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    a proof by contradiction would be to assume it is continuous and then arrive at some contradiction, but you do not need to do this here. write down exactly what the negation of the definition is, then prove it directly

  22. cinar
    • 2 years ago
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    can I use my example to get contradiction..sin(1/x)=0 but greater than 1/2

  23. cinar
    • 2 years ago
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    not greater than.

  24. satellite73
    • 2 years ago
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    i should have said \(\forall \delta>0\) \(\exists k\) such that \(\frac{1}{(2k+1)\pi}<\delta\)

  25. cinar
    • 2 years ago
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    it makes more sense now..

  26. satellite73
    • 2 years ago
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    be careful here, you cannot write \[\sin(\frac{1}{x})=0\] that makes no sense

  27. satellite73
    • 2 years ago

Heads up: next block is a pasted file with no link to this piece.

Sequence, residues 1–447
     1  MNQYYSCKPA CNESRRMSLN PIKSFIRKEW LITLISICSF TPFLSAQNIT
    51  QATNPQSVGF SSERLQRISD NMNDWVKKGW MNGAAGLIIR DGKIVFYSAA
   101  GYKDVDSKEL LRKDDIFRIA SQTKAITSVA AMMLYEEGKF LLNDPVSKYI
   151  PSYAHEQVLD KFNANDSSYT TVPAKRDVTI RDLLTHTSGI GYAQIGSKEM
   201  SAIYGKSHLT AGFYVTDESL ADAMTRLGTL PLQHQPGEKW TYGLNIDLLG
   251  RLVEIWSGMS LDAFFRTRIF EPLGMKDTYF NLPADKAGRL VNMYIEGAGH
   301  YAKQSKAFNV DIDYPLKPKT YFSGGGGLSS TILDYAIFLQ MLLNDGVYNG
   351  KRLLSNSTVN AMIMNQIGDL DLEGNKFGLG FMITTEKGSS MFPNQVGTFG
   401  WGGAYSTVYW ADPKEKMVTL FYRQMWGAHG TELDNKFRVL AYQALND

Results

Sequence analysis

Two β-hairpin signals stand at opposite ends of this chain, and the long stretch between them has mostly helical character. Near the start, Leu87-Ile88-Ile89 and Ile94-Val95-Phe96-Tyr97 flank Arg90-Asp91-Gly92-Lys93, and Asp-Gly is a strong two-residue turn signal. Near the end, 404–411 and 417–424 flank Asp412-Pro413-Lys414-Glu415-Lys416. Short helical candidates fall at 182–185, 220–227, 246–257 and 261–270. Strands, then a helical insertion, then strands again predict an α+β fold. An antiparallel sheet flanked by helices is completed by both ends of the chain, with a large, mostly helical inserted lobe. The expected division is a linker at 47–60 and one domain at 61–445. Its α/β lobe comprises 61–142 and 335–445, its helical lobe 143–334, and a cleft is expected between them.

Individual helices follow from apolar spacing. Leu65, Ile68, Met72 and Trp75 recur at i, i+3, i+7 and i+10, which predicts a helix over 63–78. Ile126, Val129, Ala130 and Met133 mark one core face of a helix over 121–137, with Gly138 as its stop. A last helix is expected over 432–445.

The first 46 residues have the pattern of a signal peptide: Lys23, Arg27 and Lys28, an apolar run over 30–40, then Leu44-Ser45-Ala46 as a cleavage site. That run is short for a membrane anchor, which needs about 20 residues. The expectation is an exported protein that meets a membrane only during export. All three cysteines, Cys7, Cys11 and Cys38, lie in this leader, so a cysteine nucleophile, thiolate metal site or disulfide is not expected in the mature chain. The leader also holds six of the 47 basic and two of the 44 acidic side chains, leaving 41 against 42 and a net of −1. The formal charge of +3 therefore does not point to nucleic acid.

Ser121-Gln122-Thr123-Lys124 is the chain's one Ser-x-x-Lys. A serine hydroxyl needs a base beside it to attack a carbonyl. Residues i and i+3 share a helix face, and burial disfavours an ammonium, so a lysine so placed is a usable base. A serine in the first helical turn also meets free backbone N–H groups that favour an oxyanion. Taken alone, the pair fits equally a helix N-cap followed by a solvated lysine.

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    again, i stress work the directly from the definition of " \(f\) is not continuous at \(a\)" i know it seems like a proof by contradiction, but it is not the definition of "\(f\) is not continuous at \(a\)" i wrote above

  28. cinar
    • 2 years ago
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    thanks.. it must be grater than 0

  29. satellite73
    • 2 years ago
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    question 2 looks annoying but i think you can do it by saying something like this for any two points you can join them by a straight line (you can even write down what the line would be) unless the line would contain those two points, in which case you can join them by a horizontal and vertical line that skips those points probably an easier way, not sure

  30. cinar
    • 2 years ago
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    yeah, I thought something like that.. how about 5)ii)

  31. cinar
    • 2 years ago
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    for 5) ii) can we say that since A is compact it is finite.. I know it is bounded and closed.. is it true that every closed and bounded set is finite..